Clearly, technologists have some responsibility that is absent from the current discussion on AI and ambient intelligence. The general population may not demonstrate substantial concern (or understanding) to change its behavior or modify its choices, but that doesn’t mean that these mechanisms should go unchecked.  Higher order thinking makes the case that people (and society) need more control over personal information, including any machines placed to observe, construct or produce knowledge on an individual.

 

What is the Value of Privacy – and do Consumers care?

“Control over personal information is control over an aspect of the identity one projects to the world, and the right to privacy is the freedom from unreasonable constraints on the construction of one’s own identity.” –Philip Agre

Gartner predicts that by 2018, 50 percent of business ethics violations will occur because of the improper use of big data and analytics.  At the same time, some companies have railed against this, taking steps to distinguish themselves under a banner of data ethics.  Services such as Whatsapp and Signal have shunned data collection entirely by using end-to-end encryption. This decision has helped eliminate potential liability in handling sensitive, personal data, because it simply isn’t retained.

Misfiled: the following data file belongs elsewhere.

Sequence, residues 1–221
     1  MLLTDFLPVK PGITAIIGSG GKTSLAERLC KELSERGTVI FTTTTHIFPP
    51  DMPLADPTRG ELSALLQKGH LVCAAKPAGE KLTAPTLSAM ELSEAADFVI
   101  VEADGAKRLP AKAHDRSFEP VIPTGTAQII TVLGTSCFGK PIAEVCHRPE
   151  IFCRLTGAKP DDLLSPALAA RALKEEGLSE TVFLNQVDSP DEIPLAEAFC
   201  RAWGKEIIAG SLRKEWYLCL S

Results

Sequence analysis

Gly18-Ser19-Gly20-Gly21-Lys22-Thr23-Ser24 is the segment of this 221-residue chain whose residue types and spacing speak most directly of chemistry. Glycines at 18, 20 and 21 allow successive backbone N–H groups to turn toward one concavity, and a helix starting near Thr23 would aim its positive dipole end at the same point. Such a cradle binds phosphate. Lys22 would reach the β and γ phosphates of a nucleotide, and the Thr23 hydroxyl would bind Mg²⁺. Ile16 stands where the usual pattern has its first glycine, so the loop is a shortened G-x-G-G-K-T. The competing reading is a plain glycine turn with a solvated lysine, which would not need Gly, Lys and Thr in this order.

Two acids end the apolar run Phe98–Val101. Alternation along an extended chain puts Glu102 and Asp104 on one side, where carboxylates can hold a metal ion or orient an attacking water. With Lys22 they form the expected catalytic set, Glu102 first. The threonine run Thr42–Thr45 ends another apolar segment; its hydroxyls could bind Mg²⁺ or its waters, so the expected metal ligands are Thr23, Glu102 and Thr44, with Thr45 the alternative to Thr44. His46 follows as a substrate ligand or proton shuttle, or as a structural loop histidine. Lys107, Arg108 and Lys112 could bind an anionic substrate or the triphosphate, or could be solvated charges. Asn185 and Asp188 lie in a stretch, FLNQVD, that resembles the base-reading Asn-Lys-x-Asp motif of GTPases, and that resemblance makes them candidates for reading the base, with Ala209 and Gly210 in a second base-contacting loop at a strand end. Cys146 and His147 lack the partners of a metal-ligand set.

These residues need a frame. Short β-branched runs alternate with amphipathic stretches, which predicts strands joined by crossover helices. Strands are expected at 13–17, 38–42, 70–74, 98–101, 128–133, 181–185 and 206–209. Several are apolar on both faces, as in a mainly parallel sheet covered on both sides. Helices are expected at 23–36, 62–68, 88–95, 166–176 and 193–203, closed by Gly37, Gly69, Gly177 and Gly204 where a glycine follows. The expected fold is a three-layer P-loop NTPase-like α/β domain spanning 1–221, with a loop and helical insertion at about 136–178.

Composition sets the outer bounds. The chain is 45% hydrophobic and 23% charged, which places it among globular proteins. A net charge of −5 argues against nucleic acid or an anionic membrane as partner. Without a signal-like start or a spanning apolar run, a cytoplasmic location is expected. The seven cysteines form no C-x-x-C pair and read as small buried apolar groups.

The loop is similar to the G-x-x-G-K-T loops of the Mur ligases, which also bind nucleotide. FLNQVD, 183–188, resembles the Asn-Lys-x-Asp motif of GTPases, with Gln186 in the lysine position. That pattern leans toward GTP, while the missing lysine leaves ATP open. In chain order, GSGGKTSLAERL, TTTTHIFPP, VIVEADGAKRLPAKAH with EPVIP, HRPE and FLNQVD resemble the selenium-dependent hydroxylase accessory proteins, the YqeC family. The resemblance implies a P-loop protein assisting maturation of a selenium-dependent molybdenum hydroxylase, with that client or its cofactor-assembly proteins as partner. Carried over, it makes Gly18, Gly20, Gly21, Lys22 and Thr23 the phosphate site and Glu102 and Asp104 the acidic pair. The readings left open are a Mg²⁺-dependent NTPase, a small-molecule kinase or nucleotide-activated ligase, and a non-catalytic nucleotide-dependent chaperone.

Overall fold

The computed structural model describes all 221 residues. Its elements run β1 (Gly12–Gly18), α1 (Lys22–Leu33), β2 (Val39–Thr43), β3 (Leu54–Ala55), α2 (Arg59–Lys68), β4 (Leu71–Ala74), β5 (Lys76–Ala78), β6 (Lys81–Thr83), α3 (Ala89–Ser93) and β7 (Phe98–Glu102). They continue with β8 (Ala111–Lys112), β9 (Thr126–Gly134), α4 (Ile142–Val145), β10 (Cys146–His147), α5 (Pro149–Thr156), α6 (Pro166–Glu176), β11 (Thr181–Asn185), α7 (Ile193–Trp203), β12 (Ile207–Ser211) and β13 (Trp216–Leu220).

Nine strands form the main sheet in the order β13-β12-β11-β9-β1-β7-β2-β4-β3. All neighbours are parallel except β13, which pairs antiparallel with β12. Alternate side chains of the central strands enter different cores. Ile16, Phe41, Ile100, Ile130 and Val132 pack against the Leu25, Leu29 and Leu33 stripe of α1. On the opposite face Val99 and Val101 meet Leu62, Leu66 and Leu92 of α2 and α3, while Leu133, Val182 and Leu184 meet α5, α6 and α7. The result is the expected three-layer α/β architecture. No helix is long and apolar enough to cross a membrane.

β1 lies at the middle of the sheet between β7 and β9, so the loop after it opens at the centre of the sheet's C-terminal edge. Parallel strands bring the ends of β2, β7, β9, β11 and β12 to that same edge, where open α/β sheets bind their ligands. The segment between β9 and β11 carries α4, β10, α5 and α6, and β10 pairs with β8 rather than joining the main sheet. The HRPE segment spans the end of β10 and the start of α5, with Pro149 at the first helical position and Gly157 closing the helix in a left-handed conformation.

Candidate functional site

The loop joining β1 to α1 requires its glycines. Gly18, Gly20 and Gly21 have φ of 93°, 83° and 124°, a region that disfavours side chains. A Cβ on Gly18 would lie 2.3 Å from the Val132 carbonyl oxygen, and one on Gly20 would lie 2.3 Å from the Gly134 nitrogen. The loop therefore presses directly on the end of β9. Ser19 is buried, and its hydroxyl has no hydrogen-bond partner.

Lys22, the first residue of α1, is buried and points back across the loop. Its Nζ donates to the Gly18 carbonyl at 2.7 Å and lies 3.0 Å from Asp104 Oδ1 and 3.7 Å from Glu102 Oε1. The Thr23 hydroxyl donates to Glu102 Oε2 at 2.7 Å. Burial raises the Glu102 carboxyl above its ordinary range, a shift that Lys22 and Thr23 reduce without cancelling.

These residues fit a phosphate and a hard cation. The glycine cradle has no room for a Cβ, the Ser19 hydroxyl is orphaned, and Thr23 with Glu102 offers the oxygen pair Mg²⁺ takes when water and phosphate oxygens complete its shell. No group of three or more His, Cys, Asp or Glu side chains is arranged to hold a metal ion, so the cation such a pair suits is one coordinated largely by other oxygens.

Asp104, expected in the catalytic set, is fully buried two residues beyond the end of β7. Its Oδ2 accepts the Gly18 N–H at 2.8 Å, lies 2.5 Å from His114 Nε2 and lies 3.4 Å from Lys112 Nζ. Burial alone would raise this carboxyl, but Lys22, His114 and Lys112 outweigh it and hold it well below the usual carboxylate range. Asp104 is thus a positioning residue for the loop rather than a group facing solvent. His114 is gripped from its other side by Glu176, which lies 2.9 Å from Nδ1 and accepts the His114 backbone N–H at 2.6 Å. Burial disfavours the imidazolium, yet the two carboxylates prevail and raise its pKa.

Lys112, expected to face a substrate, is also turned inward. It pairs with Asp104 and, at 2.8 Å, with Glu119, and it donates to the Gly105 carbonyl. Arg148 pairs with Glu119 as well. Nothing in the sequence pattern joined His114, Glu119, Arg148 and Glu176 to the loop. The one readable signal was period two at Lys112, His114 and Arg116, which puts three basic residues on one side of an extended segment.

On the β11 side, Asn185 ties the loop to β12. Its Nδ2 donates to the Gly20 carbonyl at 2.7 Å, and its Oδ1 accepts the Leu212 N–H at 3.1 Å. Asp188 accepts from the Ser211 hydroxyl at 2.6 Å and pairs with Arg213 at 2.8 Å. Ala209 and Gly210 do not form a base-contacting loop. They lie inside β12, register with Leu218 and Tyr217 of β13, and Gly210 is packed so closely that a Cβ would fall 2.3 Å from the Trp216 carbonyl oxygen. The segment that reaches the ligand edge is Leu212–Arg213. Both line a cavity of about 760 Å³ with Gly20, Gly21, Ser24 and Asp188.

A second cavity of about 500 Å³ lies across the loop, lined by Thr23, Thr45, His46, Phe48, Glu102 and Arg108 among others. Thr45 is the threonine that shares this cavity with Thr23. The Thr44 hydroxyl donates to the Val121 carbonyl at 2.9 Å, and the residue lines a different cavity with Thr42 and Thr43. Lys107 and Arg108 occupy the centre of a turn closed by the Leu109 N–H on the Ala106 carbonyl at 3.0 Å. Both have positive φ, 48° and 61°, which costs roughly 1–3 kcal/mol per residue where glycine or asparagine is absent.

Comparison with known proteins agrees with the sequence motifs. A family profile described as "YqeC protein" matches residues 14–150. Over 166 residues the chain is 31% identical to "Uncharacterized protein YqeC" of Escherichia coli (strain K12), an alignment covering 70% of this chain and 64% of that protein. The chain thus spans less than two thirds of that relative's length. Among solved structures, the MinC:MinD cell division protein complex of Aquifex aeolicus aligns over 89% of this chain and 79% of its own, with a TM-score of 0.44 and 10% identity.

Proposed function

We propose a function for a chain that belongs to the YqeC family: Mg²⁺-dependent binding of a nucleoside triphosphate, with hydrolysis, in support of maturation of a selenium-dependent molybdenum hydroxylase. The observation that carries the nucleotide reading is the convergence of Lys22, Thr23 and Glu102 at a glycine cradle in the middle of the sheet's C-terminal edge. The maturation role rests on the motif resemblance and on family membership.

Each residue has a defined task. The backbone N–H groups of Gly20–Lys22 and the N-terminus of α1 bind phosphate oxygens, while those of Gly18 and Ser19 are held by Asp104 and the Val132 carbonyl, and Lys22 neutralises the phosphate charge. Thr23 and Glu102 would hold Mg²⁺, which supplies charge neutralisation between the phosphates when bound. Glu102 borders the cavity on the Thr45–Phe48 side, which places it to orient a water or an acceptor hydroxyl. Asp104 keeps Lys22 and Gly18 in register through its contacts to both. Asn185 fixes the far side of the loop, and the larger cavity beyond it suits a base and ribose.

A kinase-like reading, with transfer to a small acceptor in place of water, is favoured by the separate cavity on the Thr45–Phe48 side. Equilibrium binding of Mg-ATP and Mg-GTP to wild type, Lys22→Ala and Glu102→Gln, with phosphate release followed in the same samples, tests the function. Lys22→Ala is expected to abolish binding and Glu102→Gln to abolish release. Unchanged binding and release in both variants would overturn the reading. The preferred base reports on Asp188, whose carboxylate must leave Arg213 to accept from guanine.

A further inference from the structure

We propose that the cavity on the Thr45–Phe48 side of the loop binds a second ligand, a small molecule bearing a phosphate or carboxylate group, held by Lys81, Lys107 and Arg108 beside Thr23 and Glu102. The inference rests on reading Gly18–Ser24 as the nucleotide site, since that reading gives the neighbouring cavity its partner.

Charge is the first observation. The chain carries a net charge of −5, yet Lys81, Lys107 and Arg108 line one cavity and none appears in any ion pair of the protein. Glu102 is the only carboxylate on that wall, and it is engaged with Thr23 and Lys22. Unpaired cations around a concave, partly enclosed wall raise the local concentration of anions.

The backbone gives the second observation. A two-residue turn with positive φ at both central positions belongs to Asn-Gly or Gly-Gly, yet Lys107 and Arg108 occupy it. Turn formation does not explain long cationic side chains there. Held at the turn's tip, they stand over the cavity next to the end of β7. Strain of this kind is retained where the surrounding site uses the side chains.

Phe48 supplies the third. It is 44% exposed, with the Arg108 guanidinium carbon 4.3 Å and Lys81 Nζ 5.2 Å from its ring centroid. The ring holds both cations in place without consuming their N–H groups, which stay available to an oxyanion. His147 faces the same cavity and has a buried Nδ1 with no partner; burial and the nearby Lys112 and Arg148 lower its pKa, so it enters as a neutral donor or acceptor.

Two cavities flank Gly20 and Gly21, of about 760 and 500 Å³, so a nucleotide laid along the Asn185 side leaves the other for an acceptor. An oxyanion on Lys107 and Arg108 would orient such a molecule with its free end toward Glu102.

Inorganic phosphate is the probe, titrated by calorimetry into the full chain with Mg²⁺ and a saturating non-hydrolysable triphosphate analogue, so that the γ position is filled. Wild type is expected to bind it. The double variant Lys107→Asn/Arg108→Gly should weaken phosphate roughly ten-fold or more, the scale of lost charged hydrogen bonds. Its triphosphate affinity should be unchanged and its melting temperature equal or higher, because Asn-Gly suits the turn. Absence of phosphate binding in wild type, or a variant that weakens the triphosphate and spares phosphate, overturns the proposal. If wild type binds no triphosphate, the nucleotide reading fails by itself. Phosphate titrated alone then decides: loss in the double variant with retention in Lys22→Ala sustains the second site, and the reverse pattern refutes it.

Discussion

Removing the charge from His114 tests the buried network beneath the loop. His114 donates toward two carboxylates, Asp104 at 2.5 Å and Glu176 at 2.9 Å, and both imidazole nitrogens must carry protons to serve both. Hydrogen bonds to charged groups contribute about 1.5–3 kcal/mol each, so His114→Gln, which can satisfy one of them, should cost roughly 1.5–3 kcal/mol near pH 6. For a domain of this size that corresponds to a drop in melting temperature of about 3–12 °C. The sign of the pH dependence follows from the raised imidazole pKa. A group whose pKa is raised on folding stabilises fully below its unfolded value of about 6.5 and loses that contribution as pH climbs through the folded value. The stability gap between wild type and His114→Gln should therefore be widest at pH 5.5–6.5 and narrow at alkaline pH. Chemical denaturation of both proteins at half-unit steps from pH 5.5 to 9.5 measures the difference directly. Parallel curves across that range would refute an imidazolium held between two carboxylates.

However, not every company can grow – let alone survive – without some level of data science. Big data is the fuel source even as the “engines” such as mobile, artificial intelligence and ambient intelligence become more sophisticated and subtle in their operations. In this case, data platforms are driving these decisions, and those that have a policy for privacy ethics will statistically deliver more value as marketers, startups and corporate companies alike need to connect with consumers without creeping them out.

These proactive decisions can help to sway the perspective of consumers, especially in a competitive space. According to a study by The University of Pennsylvania, more than half of Internet users are concerned about protecting privacy, but feel it may be too late. According to Pew, 74% of Americans say it is “very important” to be in control of their personal information. Meanwhile, according to Chapman University, Americans’ number-one fear is of man-made disasters (e.g., terrorist attacks).  A close second is the tracking of personal data by government and corporations, outranking concerns about crime, the environment and natural disasters.

At this point, to say that consumers “do not care about privacy” is to dodge the ethical responsibility that comes with collecting data. As technology advances to include our immediate surroundings, the discussion around big data deepens as it may affect identity and lessen autonomy. In the future, those who handle data as an intermediary– which means delivering the necessary data to first-party companies while buffering and protecting the information collected on consumers – will fare better professionally than those who approach sensitive information like a commodity.

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beth